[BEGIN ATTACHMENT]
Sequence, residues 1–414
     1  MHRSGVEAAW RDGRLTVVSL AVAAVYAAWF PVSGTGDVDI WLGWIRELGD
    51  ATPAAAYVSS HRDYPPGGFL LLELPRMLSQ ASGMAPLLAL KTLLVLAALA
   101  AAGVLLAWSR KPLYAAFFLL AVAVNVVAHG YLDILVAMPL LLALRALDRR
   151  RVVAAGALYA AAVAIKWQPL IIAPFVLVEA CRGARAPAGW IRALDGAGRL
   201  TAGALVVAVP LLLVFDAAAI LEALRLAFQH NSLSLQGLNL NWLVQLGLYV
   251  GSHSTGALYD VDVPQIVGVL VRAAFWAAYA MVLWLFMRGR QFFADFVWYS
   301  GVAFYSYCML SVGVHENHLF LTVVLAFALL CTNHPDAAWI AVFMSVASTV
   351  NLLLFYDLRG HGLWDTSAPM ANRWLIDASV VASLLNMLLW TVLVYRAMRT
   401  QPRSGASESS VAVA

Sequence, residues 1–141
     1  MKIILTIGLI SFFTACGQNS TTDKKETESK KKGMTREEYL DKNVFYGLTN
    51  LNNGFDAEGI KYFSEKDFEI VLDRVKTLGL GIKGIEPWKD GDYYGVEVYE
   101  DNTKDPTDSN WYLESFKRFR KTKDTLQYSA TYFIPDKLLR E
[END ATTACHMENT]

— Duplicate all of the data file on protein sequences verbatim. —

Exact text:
Sequence, residues 1–414
     1  MHRSGVEAAW RDGRLTVVSL AVAAVYAAWF PVSGTGDVDI WLGWIRELGD
    51  ATPAAAYVSS HRDYPPGGFL LLELPRMLSQ ASGMAPLLAL KTLLVLAALA
   101  AAGVLLAWSR KPLYAAFFLL AVAVNVVAHG YLDILVAMPL LLALRALDRR
   151  RVVAAGALYA AAVAIKWQPL IIAPFVLVEA CRGARAPAGW IRALDGAGRL
   201  TAGALVVAVP LLLVFDAAAI LEALRLAFQH NSLSLQGLNL NWLVQLGLYV
   251  GSHSTGALYD VDVPQIVGVL VRAAFWAAYA MVLWLFMRGR QFFADFVWYS
   301  GVAFYSYCML SVGVHENHLF LTVVLAFALL CTNHPDAAWI AVFMSVASTV
   351  NLLLFYDLRG HGLWDTSAPM ANRWLIDASV VASLLNMLLW TVLVYRAMRT
   401  QPRSGASESS VAVA

Sequence, residues 1–141
     1  MKIILTIGLI SFFTACGQNS TTDKKETESK KKGMTREEYL DKNVFYGLTN
    51  LNNGFDAEGI KYFSEKDFEI VLDRVKTLGL GIKGIEPWKD GDYYGVEVYE
   101  DNTKDPTDSN WYLESFKRFR KTKDTLQYSA TYFIPDKLLR E